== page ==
M. NourbeSe Philip – Unspeakable Acts: The Tongues of M. NourbeSe Philip


Event Date: 22 – 24 June 2017
Birkbeck, University of London
Birkbeck Main Building
Torrington Square
London WC1E 7HX

The Birkbeck Institute for the Humanities in collaboration with British Comparative Literature Association, Birkbeck Gender and Sexuality (BiGS), the Birkbeck Institute for Social Research, and Mapping Maternal Subjectivities, Identities and Ethics (MaMSIE) presents:

Feminist Emergency – International Conference

M. NourbeSe PhilipUnspeakable Acts: The Tongues of M. NourbeSe Philip

M. NourbeSe Philip, poet, thinker, activist, was born in Tobago, and now lives in Canada. She studied political science and became a lawyer but left the law for a life in poetry and social and philosophical thought. She is renowned for her experiments with language and her combative reconfigurations of received ideas and histories, as she pursues a vision of greater justice. Her publications include poetry, fiction, drama, essays, and two volumes of book-length poems. With her magnificent revolutionary work, She Tries Her Tongue, Her Silence Softly Breaks (1989), she confronts burning issues of our time, bending syntax and vocabulary to shift consciousness in an improvisatory form that pays homage to jazz (it was awarded the Casa de Las Americas prize). In Discourse on the Logic of Language (1989) she introduces the now celebrated play on words, central to thinking about gender and race:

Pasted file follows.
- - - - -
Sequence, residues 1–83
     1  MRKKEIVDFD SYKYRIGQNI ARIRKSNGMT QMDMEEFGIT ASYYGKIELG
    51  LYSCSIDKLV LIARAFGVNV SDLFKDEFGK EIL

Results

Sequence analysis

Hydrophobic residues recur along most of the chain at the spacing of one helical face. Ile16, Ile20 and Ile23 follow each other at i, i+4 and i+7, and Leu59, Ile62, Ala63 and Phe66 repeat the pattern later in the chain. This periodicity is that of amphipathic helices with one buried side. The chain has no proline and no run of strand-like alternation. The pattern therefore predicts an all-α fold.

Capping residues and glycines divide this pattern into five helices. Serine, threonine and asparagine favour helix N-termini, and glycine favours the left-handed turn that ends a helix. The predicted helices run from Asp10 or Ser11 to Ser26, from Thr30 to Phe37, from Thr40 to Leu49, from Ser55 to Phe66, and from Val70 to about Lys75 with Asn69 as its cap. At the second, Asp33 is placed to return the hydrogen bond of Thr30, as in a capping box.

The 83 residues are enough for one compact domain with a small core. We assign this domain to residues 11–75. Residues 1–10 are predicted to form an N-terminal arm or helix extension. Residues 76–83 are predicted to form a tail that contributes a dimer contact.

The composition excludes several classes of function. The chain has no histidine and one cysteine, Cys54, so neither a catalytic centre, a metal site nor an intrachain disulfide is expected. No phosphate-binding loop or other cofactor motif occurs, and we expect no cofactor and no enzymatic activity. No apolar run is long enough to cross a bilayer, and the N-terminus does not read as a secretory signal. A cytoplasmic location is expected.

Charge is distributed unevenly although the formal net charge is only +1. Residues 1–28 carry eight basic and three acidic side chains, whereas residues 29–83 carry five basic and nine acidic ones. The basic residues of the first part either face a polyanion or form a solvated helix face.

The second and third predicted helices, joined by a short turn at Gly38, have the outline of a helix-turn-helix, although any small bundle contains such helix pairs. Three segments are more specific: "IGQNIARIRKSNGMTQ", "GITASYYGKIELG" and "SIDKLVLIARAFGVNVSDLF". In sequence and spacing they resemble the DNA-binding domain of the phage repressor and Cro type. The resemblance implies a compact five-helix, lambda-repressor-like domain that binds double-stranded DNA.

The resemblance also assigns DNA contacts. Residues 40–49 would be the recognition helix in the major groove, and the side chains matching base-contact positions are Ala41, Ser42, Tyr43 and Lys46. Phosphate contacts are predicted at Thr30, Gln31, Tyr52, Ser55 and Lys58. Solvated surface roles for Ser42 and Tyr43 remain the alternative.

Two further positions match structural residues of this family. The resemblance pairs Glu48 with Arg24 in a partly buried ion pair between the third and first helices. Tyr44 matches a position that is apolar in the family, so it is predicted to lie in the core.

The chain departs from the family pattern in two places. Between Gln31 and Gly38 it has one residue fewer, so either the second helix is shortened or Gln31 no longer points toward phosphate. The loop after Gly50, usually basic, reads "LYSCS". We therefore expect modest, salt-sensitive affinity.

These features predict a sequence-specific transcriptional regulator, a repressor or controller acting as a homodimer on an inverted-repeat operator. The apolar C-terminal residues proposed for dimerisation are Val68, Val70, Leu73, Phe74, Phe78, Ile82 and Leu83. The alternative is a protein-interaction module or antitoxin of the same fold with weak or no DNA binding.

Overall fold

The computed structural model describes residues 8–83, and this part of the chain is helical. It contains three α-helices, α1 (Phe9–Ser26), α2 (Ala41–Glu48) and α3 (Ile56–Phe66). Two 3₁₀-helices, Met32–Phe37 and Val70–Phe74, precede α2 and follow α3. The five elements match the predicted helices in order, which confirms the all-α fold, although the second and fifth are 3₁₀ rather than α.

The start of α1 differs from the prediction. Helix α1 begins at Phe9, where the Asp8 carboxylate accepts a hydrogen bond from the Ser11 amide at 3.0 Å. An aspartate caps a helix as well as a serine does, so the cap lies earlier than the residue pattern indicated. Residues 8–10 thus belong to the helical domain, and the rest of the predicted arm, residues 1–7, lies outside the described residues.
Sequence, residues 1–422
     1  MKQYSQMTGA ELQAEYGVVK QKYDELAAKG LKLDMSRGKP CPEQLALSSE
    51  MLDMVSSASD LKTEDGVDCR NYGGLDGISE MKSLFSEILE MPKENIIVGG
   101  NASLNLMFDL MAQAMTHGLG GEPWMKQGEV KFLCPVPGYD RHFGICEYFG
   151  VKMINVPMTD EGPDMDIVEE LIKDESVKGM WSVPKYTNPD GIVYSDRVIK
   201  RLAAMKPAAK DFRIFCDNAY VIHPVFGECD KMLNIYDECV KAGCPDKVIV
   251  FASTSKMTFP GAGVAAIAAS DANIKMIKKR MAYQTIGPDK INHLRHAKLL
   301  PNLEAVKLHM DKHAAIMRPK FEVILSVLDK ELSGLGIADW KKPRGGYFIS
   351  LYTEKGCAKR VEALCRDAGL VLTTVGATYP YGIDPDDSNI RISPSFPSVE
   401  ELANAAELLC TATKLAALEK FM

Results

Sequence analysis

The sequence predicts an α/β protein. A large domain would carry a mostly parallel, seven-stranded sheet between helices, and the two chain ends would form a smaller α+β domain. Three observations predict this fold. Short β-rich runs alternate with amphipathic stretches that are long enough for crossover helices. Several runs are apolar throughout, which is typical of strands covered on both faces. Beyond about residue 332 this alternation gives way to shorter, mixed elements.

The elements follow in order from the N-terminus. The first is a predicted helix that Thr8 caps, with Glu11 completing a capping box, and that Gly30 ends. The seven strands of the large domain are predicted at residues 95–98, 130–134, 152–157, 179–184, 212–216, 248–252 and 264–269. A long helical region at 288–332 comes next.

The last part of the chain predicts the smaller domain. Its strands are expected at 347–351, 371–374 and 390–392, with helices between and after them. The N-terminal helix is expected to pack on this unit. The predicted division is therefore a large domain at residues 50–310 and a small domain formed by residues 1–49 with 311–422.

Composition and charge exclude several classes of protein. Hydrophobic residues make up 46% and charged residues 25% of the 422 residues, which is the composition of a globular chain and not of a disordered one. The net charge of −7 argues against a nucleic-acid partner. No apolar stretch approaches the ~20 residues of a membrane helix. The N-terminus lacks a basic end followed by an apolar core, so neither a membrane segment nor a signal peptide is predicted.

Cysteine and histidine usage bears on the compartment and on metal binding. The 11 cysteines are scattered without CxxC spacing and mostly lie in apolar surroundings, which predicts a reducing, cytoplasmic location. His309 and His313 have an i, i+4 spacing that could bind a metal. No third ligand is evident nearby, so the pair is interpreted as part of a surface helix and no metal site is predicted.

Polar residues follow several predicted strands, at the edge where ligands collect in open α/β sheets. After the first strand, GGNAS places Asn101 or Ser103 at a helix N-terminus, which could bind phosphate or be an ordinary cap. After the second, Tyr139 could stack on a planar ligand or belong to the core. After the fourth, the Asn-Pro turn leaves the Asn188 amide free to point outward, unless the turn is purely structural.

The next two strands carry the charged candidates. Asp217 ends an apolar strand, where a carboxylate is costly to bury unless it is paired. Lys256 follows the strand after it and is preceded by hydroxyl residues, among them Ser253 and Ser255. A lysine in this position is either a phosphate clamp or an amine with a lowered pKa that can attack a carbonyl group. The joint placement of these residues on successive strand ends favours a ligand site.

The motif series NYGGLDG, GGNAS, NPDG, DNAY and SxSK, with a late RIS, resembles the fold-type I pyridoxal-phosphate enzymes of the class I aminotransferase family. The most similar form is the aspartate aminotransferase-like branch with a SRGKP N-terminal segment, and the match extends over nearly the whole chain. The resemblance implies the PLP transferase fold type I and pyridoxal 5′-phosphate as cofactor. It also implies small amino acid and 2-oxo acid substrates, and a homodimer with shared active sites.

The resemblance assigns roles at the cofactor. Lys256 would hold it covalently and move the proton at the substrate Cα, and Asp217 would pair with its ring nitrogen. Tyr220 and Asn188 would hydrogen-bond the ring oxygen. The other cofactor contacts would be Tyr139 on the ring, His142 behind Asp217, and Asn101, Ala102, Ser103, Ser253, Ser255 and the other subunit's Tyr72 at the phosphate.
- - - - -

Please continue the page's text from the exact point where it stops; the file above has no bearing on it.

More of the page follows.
… and English is
my mother tongue
is
my father tongue
is a foreign lan lan lang
language
l/anguish
anguish…
2
The long narrative poem Zong! (2008) is a dazzling experimental chorale-like work, which Philip has performed in a collective sound piece; it takes up the case of the 18th century slave ship of that name: slaves were drowned after the captain threw them overboard and later tried to collect insurance. In talking about her own work Philip has said, “fiction is about telling lies, but you must be scathingly honest in telling those lies. Poetry is about truth- telling, but you need the lie – the artifice of the form to tell those truths.” In times of danger, when hatred and hypocrisy fill the public and the private space, writers like NourbeSe Philip are light-bearers. In conversation with Marina Warner, she will be reading from her work and discussing her ideas about the interactions of literature and philosophies of emancipation.
Chair: Marina Warner (Birkbeck, University of London)

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